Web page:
Guardian reckons Spotify could go into profit

By | Published on Wednesday 31 August 2011


Spotify could show a small profit when it publishes its next financial results, according to a report in The Guardian. The newspaper cites an expert from Analysys Mason who says he reckons the streaming music service’s revenues increased more than fourfold during the last financial year, and that that could be enough to take the company into profit for the first time. Which would be quite an achievement, given I think we all assumed the digital firm was haemorrhaging cash in a bid to win market share.

The figures quoted by The Guardian and Analysys Mason are that Spotify made in the region of 59 million euros in the last financial year, while it paid 45 million euros to record companies and spent ten million euros on operating costs. Which would, of course, result in a profit. Assuming the money said to have been paid to “record companies” actually includes royalties paid to music publishers, and “operating costs” includes things like bandwidth.

Spotify hasn’t commented on the speculation. If it is already profitable – and that does still seem like a big “if” despite this report – that would presumably allay fears in the music industry that Spotify’s seeming success in terms of signing up users, including paying subscribers, could come to nothing if it turns out the firm’s financials don’t add up when the venture capital runs out.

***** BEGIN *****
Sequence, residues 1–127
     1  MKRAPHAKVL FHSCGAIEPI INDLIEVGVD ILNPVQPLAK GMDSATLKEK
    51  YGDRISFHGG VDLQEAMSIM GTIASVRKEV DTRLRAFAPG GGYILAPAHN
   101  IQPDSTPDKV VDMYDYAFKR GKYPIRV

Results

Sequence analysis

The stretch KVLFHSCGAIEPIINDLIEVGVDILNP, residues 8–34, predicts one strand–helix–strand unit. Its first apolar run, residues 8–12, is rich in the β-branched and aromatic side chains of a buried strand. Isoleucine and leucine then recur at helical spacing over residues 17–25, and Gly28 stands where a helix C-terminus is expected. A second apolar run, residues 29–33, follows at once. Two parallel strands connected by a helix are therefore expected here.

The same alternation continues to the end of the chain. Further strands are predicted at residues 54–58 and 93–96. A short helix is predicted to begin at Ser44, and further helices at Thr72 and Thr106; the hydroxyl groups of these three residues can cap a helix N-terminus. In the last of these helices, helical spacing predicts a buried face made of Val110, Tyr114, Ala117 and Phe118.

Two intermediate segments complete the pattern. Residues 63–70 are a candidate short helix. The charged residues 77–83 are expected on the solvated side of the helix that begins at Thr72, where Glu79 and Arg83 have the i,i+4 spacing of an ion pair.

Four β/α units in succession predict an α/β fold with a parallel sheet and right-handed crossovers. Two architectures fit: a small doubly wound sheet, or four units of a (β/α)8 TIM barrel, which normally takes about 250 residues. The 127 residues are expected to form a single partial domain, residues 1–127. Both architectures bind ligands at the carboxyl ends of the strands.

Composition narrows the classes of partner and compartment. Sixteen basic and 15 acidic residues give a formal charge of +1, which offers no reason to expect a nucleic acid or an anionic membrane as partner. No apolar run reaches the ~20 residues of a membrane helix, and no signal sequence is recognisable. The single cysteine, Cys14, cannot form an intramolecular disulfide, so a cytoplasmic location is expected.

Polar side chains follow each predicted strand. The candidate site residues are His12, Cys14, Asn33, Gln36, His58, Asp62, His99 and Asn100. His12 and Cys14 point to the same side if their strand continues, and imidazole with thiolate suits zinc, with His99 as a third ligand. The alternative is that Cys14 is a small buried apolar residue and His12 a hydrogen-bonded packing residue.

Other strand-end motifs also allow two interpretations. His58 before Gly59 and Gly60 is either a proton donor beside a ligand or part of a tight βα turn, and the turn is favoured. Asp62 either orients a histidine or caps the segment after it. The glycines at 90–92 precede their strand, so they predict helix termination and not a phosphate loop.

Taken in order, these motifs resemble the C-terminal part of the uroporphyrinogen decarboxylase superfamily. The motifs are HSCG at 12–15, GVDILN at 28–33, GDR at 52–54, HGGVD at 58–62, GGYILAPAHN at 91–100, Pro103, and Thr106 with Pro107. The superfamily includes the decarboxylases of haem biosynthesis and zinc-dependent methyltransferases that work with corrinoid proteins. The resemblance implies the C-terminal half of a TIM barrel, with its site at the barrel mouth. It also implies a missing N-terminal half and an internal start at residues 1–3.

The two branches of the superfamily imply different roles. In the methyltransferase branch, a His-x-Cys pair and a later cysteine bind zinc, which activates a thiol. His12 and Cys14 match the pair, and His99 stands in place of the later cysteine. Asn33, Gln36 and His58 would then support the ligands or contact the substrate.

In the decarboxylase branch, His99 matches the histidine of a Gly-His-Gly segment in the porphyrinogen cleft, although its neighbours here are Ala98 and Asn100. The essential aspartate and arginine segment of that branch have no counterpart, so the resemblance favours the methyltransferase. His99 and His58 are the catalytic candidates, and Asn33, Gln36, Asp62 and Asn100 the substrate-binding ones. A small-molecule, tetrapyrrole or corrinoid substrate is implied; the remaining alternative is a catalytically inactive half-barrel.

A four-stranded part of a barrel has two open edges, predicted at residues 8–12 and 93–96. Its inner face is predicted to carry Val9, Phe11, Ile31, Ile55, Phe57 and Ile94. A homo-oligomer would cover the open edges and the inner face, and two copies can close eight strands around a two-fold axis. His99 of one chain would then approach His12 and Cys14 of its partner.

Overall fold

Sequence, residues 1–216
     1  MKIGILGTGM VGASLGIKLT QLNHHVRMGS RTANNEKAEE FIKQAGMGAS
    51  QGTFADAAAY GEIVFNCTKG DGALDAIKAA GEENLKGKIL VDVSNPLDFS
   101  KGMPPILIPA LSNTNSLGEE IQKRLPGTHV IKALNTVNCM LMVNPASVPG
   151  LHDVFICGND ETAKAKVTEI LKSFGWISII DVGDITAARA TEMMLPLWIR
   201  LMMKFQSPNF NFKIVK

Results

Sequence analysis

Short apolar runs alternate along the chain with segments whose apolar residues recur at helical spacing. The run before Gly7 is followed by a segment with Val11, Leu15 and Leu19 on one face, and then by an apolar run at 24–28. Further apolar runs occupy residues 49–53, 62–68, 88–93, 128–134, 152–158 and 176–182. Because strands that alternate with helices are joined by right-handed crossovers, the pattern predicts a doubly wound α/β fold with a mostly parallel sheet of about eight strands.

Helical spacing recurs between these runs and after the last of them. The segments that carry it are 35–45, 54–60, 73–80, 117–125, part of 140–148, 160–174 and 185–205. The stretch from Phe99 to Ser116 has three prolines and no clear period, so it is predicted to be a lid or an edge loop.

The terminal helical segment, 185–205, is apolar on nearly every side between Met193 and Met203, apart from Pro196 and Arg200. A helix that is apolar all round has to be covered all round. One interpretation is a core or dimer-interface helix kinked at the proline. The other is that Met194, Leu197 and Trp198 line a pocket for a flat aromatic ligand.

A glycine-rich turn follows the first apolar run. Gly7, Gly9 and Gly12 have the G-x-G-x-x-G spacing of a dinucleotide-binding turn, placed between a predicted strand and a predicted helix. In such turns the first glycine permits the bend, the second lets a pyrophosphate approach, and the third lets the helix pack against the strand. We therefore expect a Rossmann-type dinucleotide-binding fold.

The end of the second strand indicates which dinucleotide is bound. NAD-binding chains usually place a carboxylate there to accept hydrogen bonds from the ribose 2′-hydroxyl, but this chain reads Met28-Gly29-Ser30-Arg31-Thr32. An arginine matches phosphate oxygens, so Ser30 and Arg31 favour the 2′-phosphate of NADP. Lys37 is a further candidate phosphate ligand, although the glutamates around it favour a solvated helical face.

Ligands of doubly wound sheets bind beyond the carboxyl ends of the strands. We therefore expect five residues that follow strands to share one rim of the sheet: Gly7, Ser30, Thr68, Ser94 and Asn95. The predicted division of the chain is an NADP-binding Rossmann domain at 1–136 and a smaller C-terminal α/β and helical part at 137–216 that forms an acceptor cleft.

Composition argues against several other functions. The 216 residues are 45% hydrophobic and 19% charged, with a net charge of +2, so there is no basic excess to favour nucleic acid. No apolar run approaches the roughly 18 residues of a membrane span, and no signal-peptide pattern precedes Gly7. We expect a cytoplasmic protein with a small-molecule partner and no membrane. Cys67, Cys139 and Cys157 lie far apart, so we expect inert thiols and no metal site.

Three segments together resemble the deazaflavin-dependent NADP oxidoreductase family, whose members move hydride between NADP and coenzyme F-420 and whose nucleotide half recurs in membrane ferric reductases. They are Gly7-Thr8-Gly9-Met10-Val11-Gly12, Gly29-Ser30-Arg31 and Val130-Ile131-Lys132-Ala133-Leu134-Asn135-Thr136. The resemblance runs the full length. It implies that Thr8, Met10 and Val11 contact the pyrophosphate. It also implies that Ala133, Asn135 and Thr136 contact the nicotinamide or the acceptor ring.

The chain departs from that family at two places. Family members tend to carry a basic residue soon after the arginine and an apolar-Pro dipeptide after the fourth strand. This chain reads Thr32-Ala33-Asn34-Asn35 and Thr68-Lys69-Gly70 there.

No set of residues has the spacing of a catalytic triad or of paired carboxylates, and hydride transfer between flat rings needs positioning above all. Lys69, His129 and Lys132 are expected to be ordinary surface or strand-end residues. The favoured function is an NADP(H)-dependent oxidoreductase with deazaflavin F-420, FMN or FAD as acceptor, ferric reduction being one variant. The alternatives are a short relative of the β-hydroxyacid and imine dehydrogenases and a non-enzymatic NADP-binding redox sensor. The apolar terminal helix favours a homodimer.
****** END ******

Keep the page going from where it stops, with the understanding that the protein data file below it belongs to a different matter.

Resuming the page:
Though, of course, even if Spotify is already profitable, or looks likely to go into profit in the near future, pessimists might point out that the royalties the service pays into the music industry, while substantial industry-wide, are not enough to sustain individual labels. Also, with the freemium option basically being phased out, the whole thing is arguably becoming a niche product anyway.

None of which would mean Spotify wouldn’t have a long term role to play in the music industry – if profitable, it would remain an important revenue stream – but perhaps it’s not the panacea or iTunes killer that some journalists have in the past suggested.